Eylandt echo : Fortnightly news & events for the Groote Eylandt community proudly produced by GEMCO
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Community newspapers -- Northern Territory -- Groote Eylandt; Groote Eylandt (N.T.) -- Newspapers
Groote Eylandt Mining Co.
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Groote Eylandt Mining Co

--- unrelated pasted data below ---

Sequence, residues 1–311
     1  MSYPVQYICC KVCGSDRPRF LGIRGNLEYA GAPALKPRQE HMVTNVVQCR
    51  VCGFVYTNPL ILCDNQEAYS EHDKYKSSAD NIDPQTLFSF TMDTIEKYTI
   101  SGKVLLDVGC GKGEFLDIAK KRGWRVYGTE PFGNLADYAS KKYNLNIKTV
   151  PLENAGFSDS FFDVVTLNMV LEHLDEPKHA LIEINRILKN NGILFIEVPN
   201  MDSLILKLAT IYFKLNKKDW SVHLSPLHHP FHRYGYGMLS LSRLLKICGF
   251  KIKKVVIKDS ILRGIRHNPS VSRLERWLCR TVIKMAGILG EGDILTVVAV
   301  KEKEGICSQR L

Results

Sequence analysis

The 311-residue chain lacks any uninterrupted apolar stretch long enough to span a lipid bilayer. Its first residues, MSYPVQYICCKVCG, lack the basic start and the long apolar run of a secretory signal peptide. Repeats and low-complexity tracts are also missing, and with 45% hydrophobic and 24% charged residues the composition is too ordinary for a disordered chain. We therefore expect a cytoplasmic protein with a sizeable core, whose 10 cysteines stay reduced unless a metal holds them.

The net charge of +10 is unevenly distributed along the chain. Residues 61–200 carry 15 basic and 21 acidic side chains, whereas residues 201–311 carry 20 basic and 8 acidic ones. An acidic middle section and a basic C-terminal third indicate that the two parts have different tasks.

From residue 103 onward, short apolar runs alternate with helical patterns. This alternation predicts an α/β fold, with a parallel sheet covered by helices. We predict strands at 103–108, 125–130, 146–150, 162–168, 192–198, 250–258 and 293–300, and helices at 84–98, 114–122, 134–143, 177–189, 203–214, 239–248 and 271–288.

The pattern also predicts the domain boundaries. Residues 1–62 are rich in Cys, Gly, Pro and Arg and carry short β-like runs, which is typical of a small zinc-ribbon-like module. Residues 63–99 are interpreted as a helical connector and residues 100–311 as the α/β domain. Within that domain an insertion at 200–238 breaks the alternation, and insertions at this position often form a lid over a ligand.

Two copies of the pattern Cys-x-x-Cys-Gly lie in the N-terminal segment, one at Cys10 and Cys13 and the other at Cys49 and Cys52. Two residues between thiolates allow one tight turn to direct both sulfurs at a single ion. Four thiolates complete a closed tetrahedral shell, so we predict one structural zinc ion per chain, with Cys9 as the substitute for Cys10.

October 10th 2012 Page 10 Australians propensity for theme days seems perpetual. Many good causes have adopted a time to focus on an issue, whether its breast cancer, poverty or homelessness - the intention being to draw understanding and possibly support. This week, Wednesday 5 September, was the 6th occurrence of Annual Indigenous Lit eracy Day. On Groote Eylandt, where all country is private aboriginal freehold land, and over 1400 traditional indigenous Australians live, National Indigenous Literacy Day has real significance. Sadly, academic re sults for indigenous Groote Eylandt kids have been declining for sometime. Results on the Australian Assessment and Re porting Authority show the local school as being in the lowest band in the country (see http://www.myschool.edu.au/ schoolsearch.aspx). Residing adjacent to local communities is one of Northern Australia most successful mines Groote Eylandt Mining Company (GEMCO). Approximately 30 local coun try men and women work at the mine. GEMCO is well aware of the difficulties many indigenous persons have in adapting to an English speaking work environment. Several years ago GEMCO ini tiated their own literacy and numeracy training programme to assist employees with the ad justment. Over several years the employees have shown a genuine effort to improve skills many succeeding. Matt OHare and Caro lyn Fletcher oversee and operate the GEMCO literacy program. Together they felt the Indigenous Literacy Day pre sented and excellent opportunity to pro mote the achievements of staff in the mines program, but also engage with the children and wives of the same people. The chaps working for the mine have made a choice to do so. Whilst staff are fostered it remains a take it or leave it arrangement. The successful indigenous workers are role models for their kids in living a combination traditional and cul tural lifestyle. In doing so they appear to recognise the options education and in particular competency in English pro vides. Matt and Carolyn felt that this sub sample of com munity (i.e. the GEMCO indige nous staff) pro vided a niche to chip away at our local indigenous literacy issues. The crew and their families were invited to attend an afternoon of reading and writing awareness. Many of the kids do not regularly attend school (42% attendance), a fact known by gov ernments and education professionals. It was some surprise, but also gladness that the vast majority kids and wives of GEMCO staff attended the literacy day. The day involved a round robin of short tasks including: ipad familiarisation, story reading, painting and library tours. The kids were escorted by their parents and their concentration and participation were a credit. The working mums and dads deal with the realities of modern English domi nated workplace daily and showed support for their kids in attempting all activities. A few of the skills they had learnt at work were proudly demonstrated to their kids. Matt and Carolyns concept was mani fested in an engaging and rewarding day. The legacy is likely to be an institutional ised as annual event. The organisers can be proud to have initiated the event, but equally importantly is the hope that one day future indigenous leaders of Groote Eylandt will be influenced to familiarise with English, providing options and un derstanding in a world 20 years from now. GEMCO Indigenous Literacy Day Workshop By Simon Hartley
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